Two UC San Diego bioenergy projects have been selected by the United States Department of Energy to get funding for their research. Receiving $4 million of funding in total, these researchers will work to develop bio-based renewable plastic.
The Plastics Innovation Challenge, initiated by the U.S. Department of Energy, provides funding opportunities to accelerate innovation in reducing plastic waste in oceans and landfills. As principal investigators of the two individual projects, UCSD Professor of Chemistry and Biochemistry Michael Burkart and Professor of Nanoengineering Jon Pokorski will each use the funding for their continuing research on biodegradable polyurethane and degradable thermoplastic polyurethanes, respectively.
Polyurethane is a durable plastic material with wide applications such as coating other products, furniture and footwear. It is made from reacting organic compound polyol with diisocyanates, both of which are derived from crude oil, a type of nonrenewable fossil fuel formed by decomposition of ancient organic matter.
Burkart was awarded $2 million for his project on making biodegradable polyurethane products from environmentally friendly algae.
“It’s interesting that when polyurethane was first discovered back in the 1930s, it was biodegradable, but the idea was to make it last forever, so they engineered out the biopolymers to make the material long lasting,” Burkart said. “We’re revisiting and picking up [the old idea] back again.”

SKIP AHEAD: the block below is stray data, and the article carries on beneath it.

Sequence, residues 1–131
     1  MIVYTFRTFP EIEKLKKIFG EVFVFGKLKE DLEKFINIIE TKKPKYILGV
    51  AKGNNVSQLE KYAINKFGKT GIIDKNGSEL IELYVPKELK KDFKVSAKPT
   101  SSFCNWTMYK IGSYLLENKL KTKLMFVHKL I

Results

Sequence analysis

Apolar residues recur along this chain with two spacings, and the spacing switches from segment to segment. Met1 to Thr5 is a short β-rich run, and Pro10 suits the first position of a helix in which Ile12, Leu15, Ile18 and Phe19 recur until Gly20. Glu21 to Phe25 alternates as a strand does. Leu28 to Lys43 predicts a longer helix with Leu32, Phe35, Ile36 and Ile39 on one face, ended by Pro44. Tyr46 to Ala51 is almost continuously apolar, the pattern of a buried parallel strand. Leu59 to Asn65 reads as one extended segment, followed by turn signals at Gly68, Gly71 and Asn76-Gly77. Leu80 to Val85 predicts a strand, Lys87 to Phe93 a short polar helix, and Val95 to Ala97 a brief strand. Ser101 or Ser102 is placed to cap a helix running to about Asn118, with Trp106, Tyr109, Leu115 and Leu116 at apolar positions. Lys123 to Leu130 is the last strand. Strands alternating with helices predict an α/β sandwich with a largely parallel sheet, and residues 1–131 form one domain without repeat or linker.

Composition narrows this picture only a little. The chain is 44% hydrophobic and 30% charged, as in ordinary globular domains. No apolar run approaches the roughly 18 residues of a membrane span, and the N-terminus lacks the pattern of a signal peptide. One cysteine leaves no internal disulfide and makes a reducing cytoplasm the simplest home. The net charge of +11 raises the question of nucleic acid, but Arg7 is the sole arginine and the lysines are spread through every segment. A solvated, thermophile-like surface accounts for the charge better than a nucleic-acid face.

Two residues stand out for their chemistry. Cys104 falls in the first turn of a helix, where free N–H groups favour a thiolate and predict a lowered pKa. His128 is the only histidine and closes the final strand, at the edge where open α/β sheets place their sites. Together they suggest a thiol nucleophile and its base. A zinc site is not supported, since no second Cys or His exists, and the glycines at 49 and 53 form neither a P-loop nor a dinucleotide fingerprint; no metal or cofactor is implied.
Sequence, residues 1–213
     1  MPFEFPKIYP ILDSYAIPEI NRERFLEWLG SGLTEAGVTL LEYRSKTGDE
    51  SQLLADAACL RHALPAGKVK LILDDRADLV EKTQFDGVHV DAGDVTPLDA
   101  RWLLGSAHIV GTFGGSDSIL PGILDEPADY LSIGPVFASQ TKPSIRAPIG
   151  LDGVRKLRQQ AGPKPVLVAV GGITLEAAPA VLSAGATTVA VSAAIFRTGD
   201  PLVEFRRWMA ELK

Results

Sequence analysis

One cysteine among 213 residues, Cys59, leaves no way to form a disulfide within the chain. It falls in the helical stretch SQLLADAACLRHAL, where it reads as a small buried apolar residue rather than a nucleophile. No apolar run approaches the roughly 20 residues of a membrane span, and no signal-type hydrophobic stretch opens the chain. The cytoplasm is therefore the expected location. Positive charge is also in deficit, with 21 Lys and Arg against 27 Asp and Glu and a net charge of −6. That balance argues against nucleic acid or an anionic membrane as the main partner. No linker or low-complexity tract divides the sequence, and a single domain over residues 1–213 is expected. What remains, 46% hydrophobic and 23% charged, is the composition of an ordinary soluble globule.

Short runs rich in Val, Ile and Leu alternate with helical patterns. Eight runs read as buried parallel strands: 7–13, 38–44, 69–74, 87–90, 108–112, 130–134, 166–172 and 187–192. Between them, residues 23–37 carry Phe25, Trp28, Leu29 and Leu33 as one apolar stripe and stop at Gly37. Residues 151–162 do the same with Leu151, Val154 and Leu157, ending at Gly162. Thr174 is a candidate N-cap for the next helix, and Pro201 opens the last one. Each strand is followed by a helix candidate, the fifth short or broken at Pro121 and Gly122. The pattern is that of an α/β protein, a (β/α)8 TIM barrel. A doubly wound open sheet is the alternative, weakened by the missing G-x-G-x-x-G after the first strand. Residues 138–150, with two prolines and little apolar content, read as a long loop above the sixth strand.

Along with colleagues Dr. Skip Pomeroy and Dr. Stephen Mayfield, Burkart has spent the past years making commercial products such as flip-flop footwear, surfboards and athletic shoe midsoles up to 50 percent biodegradable. Published in September, the team’s research discovered that polyurethane foams could be formed with the polyol in algae oil. The DOE grant will support the next stage of research, which is to develop bio-based diisocyanates, hence increasing the renewability of the final product.
“Our goal is to get the bio-content greater than 80 percent,” Burkart said. “We are really excited about that.”
As part of the three-year funded program, the research team will also identify the breakdown products and evaluate their toxicity after the bio-based polyurethane foams decompose in a natural environment, such as a backyard compost pile.
Pokorski, on the other hand, works with degradable thermoplastic polyurethanes, which is different from polyurethane in structure. Pokorski’s research focuses on incorporating microbial spores to promote TPU biodegradation. Spores are resistant to the temperature and hard chemical conditions required to form the bio-incorporated materials. They can also potentially improve the rigidity of TPU without impacting its endurance.
Pokorski will evaluate the stability and activity of the bio-integrated TPU, while his colleague and co-principal investigator, Dr. Adam Feist, research scientist at UCSD, will further optimize the non-pathogenic microbial strain for the degradation process.
The successful outcome of the research will mark the first-of-its-kind biodegradable TPU.
The two researchers are members of the recently launched Institute for Materials Discovery and Design at UCSD, whose mission is to apply advanced materials to achieve higher sustainability.
Photo courtesy of Rudolph and Sletten.